The National Council of Churches will work to protect Creation from toxic chemical exposure by engaging congregants in healthy lifestyle choices and public witness on behalf of Creation.

The National Council of Churches will share a prophetic witness to empower legislators and federal agencies to ban toxic chemicals of concern, repair the system we use to regulate chemicals, and ensure that the products we use are safe for all. We also encourage industry, government, faith bodies, and environmental health advocates to work together to create policies that promote a green, toxic ­free economy. Through these efforts we can ensure a healthier future for the whole body of Christ.

Adopted by the Eco-Justice Working Group, March 31, 2009

1 Environmental Working Group. Body Burden: A Benchmark Investigation of Industrial Chemicals, Pollutants, and Pesticides in Human Umbillical Cord Blood., 2004.

2 Centers for Disease Control and Prevention.

3 Centers for Disease Control and Prevention.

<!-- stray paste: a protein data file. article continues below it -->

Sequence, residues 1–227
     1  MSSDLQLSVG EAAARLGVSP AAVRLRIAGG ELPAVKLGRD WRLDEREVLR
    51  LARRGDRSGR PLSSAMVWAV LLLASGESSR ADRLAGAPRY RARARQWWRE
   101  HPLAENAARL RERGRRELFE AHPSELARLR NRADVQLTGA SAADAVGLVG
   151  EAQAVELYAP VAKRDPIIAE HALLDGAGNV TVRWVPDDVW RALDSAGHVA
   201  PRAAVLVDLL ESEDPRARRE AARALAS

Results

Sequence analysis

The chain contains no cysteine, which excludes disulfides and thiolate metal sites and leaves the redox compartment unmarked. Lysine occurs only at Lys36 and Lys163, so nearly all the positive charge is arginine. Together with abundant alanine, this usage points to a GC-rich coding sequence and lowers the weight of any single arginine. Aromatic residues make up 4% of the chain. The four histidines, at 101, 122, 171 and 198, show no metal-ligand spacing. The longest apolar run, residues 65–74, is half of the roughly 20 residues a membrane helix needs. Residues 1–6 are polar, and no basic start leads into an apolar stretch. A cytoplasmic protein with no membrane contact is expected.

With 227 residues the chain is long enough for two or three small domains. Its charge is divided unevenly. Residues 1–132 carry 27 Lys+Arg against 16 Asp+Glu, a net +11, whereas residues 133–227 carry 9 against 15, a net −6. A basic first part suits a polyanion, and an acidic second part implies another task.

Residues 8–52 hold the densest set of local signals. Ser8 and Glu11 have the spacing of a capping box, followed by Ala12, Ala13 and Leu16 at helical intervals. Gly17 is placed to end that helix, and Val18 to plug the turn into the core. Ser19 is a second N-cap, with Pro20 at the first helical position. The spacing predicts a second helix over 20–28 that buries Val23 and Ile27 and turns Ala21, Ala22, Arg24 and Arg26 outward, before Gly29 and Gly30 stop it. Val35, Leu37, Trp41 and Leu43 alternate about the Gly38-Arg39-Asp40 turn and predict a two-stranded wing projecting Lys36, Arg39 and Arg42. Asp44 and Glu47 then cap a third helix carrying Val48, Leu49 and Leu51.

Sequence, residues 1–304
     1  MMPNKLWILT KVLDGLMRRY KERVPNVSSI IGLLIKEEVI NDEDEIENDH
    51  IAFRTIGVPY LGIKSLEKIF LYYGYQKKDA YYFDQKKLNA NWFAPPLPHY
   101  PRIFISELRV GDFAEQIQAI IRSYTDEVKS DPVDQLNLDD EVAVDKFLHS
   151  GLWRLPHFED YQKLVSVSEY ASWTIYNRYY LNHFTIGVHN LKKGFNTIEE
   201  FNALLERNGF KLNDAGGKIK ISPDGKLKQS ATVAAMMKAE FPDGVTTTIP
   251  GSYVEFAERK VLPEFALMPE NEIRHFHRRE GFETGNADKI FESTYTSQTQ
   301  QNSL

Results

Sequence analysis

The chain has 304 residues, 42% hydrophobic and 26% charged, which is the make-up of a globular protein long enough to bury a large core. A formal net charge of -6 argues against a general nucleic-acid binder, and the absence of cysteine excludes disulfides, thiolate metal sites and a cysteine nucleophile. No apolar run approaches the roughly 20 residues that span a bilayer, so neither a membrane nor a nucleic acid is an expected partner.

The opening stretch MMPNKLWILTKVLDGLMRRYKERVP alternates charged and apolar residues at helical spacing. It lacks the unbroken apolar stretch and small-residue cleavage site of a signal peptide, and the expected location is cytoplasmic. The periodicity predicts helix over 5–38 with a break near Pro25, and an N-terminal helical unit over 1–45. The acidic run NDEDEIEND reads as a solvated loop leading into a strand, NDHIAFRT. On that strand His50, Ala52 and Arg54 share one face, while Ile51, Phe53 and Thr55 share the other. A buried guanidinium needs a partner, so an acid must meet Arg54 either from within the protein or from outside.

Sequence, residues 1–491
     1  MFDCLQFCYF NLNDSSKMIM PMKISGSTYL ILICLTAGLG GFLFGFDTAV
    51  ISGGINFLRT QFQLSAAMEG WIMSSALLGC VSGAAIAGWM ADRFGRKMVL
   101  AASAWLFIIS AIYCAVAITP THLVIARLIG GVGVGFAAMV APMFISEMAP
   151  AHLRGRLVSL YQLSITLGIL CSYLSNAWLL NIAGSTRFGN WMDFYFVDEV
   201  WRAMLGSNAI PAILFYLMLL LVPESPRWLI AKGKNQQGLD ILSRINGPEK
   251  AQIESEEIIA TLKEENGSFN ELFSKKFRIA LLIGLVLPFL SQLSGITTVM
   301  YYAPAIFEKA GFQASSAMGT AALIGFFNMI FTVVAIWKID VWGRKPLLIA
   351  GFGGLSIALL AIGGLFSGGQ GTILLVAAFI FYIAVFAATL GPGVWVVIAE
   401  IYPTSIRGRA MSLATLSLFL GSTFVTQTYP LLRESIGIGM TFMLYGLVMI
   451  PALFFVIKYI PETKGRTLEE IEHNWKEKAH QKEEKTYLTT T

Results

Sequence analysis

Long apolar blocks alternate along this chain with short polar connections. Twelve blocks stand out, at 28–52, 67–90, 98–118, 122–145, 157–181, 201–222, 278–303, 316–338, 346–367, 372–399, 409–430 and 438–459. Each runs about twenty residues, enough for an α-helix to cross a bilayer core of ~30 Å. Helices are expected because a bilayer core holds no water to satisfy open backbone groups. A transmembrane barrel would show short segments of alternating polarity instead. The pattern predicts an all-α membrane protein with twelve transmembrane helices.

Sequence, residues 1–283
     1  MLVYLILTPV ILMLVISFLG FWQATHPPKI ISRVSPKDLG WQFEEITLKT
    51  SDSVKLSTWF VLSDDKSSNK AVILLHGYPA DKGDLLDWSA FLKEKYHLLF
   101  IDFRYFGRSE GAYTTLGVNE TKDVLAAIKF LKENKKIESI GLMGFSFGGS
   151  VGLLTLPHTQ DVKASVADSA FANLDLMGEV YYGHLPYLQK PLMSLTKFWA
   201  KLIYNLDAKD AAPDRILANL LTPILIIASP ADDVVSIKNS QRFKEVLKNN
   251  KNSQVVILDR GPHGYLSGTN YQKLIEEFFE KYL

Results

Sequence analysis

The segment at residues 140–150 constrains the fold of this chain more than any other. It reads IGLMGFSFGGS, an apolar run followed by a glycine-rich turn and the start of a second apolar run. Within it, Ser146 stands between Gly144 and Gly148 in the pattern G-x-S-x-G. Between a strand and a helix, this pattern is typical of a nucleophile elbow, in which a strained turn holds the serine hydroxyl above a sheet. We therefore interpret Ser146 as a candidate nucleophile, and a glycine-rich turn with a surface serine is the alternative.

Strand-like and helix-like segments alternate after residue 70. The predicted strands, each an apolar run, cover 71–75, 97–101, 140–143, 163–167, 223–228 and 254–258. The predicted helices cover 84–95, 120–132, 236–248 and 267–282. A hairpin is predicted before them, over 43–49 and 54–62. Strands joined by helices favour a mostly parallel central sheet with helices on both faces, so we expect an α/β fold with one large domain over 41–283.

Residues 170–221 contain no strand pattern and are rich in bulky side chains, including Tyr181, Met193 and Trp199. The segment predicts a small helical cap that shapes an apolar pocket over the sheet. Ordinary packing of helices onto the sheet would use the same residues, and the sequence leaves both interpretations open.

4 vom Saal, FS, et al. 2007. "Chapel Hill Bisphenol A Expert Panel Consensus Statement: Integration of mechanisms, effects in animals and potential impact to human health at current exposure levels.” Reproductive Toxicology 24:131-138.

5 Calafat, Antonia M. , et al. Division of Laboratory Sciences, National Center for Environmental Health, Centers for Disease Control and Prevention, Atlanta, Georgia, USA. "Exposure of the U.S. Population to Bisphenol A and 4-tertiary-Octylphenol: 2003–2004,” . Environmental Health Perspectives, Volume 116, Number 1, January 2008.

6 Sutton, Rebecca. Adolescent Exposures to Cosmetic Chemicals of Concern. Environmental Working Group. Washington, DC. September 2008.

7 Lunder, Sonya, Anila Jacob. Fire Retardants in Toddlers and Their Mothers. Environmental Working Group. September 2008.

8 She, J., et al. PBDEs in the San Francisco Bay Area: Measurements in Harbor Seal Blubber and Human Breast Adipose Tissue. Chemosphere 46(5):697-707 (2002).

9 California Environmental Protection Agency Department of Toxic Substances Control. PBDE Levels in Falcon Egg Studies Highest Ever., May 2008.